Paging Doctor Photoshop…
Dear Word Detective: Any idea of the origin of the phrase, “doctor blade,” denoting a dull scraper used to remove ink from the non-printing surfaces of an intaglio printing plate? — James Lampert.
That’s an interesting question. The word “intaglio” rang a small, dim bell in the recesses of my mind, so I immediately began to thumb through my dusty mental Rolodex. (If you don’t know what a Rolodex is (or was), feel free to go play outside. And take that stupid telephone with you.) Anyway, I’m zipping past “impeachment,” “impetigo,” “inertial guidance” and “Inigo Montoya,” and suddenly I realize that I don’t need my memory at all. By golly, I have the internet! So I look up “intaglio.” And then I’m all like, yeah, I knew that. And I actually did, though I’m not sure why.
The short explanation of “intaglio” is that it is a method of printing in which the desired design is carved, engraved or etched into the printing plate, to which ink is then applied. The ink on the surface of the plate is then removed, leaving ink only in the grooves of the design, so that when the plate is pressed against paper or another medium, the design is transferred. Often used for documents, stamps, etc., intaglio printing gives a slightly raised or “embossed” feel to the design. The word “intaglio” is Italian, meaning “engraving” or “engraved work,” from the verb “intagliare,” meaning “to cut into or engrave.”
The name “doctor blade” for the implement used in intaglio printing and similar technologies is fairly recent, the earliest citation in the Oxford English Dictionary (OED) for the term in print being only from 1961, though we can assume it’s actually somewhat older. The word “doctor” itself is, of course, much, much older, first appearing in English around 1300. The root of “doctor” is the Latin verb “docere,” meaning “to teach,” and in English it initially meant simply one who, by experience or training, was qualified to teach others. Originally applied to senior religious authorities, by the late 14th century “doctor” had acquired an association with the highest degrees of learning, and thus the qualification to teach, at a university.
But also in the late 14th century, “doctor” came to be associated with a highly-learned practitioner of medicine, and now we’re getting close to the logic of “doctor blade.” As a verb, “to doctor” originally meant “to treat medically,” but gradually acquired the broader figurative senses of “to repair or patch up” (“Wasted most of the morning in doctoring a clock,” 1829), as well as, to quote the OED, “To treat so as to alter the appearance, flavor, or character of; to disguise, falsify, tamper with, adulterate, sophisticate, ‘cook’” (“By a few touches of a file on the milled edge, a coin can be so ‘doctored’ as to fall almost invariably heads or tails at will,” 1884).
“Doctor blade” employs the “repair or patch up” sense of “doctor,” and there are apparently all sorts of gizmos in various fields bearing the name “doctor.” The OED defines this special sense as “A name given to various mechanical appliances, usually for curing or removing defects, regulating, adjusting, or feeding.” Calico fabric printing, for instance, at one time required the use of a “cleaning doctor,” a “lint doctor,” and a “color doctor” (“The superfluous color is … wiped off by the color doctors… These doctors are thin blades of steel or brass, which are mounted in doctor-shears, or plates of metal screwed together with bolts,” 1875).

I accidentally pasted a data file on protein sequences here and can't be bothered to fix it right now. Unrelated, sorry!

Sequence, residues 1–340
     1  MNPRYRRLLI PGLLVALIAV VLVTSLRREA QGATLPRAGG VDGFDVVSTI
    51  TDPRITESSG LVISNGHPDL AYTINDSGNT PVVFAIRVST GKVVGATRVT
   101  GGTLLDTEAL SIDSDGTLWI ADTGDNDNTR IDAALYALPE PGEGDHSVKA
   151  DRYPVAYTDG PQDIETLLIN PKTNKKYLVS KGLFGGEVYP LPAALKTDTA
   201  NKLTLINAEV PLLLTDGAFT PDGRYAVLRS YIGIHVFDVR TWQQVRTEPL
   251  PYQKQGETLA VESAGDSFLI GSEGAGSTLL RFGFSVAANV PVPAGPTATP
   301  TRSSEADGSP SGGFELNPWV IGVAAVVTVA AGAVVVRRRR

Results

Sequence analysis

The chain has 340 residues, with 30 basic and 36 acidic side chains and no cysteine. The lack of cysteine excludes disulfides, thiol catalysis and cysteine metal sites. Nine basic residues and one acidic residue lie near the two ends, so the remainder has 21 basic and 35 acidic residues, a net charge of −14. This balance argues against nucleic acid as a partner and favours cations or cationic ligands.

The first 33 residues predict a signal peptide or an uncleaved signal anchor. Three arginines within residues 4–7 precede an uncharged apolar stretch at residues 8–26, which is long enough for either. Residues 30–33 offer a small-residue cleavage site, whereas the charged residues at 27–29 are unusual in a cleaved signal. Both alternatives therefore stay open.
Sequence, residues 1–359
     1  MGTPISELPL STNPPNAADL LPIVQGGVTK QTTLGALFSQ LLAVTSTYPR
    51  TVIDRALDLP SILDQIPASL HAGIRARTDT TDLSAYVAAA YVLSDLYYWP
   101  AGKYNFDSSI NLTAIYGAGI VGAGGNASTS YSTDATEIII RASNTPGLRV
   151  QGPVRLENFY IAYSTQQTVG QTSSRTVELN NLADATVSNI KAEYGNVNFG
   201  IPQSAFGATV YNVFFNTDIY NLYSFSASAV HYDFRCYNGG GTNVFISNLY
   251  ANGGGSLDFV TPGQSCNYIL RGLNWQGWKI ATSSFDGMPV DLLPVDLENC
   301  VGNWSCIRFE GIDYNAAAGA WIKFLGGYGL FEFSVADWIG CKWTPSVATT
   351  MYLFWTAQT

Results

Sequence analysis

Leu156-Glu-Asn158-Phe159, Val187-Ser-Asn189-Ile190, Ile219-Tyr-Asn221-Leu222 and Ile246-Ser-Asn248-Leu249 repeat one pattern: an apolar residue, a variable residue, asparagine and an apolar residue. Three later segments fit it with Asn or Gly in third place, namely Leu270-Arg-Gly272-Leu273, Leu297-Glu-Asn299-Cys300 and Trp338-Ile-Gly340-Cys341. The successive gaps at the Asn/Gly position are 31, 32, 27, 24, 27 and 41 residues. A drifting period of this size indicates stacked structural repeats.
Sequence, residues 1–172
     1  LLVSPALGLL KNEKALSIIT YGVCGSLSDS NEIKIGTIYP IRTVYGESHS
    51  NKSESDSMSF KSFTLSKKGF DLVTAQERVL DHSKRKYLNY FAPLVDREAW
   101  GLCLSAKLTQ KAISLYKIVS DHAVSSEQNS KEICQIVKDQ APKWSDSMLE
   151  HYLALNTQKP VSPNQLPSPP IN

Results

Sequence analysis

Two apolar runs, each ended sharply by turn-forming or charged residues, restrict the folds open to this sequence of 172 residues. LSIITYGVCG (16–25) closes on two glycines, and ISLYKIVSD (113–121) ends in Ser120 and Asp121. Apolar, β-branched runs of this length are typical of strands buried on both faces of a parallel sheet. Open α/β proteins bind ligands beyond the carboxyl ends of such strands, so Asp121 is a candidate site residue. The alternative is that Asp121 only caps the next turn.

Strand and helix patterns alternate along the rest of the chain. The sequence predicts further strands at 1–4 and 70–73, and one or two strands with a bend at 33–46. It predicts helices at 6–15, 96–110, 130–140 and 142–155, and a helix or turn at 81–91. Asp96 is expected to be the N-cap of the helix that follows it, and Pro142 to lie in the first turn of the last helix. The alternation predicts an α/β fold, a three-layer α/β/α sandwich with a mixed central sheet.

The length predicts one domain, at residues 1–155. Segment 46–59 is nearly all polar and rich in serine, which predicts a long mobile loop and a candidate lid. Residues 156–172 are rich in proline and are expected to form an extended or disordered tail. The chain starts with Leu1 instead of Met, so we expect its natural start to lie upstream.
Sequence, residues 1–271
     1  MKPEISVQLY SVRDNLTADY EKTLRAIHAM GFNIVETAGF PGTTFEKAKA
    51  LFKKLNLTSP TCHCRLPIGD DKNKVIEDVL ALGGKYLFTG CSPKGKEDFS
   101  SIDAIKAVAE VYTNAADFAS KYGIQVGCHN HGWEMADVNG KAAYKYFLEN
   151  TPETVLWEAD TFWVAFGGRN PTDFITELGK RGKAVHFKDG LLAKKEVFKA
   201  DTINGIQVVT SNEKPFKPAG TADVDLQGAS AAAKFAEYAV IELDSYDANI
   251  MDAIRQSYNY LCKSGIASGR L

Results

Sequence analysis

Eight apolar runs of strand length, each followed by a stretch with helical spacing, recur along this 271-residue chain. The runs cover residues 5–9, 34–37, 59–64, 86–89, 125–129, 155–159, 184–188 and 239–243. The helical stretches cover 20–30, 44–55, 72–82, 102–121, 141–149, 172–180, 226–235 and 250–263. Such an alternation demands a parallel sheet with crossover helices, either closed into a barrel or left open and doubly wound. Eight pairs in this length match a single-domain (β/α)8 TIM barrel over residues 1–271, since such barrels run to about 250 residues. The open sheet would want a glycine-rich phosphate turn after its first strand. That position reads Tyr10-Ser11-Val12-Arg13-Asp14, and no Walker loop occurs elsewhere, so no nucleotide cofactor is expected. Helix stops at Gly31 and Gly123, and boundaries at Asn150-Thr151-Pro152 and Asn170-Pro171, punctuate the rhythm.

So a “doctor” in this mechanical or tool sense is a device which either removes defects or prevents them from being created in the first place, which certainly fits with your description of a “doctor blade” used in intaglio printing. In fact, the same term is also used in offset printing (“Doctor blade, a ‘knife’ of rigid plastic or thin sheet-metal which presses against the gravure press cylinder, and which wipes away ink from the surface of the cylinder,” 1967).
Dear Word Detective: I am easily amazed. So it is nice to know that there are so many ways to express this bewildered state. I can choose, for example, to be “flummoxed,” “flabbergasted” or “gobsmacked,” depending on my state of stupefaction. Is it is a coincidence that all of these are such amazing words? Where did they come from? — Janis Landis.
Easily amazed, eh? I envy you. It must be nice to derive surprise from everyday life. Of course, it probably helps not to live in the middle of nowhere, as I do. There are only so many times “Look! A groundhog!” carries the thrill it first did. On the bright side, I remain, as my relatives will tell you, as easily amused as a small child, which comes in handy, given the current state of US culture. And although I’m not often “amazed” these days, I am frequently appalled, but that may be simply because reality keeps upping the ante.
The terms you mention are all fine words denoting various degrees of amazement, but before we get too far into the tall grass with them, it’s worth considering the word “amaze” itself. It comes from the Old English word “amasian,” which meant “to stupefy, to stun, to confuse,” and which may have been rooted in Old Norse. Our modern positive sense of “overcome with wonder, astonish” dates back only to the 16th century. The older “confuse, befuddle” sense of “amaze,” incidentally, gave us “maze” in the 15th century meaning “a structure designed as a puzzle, with a complex network of paths leading through it, only one of which actually leads out.”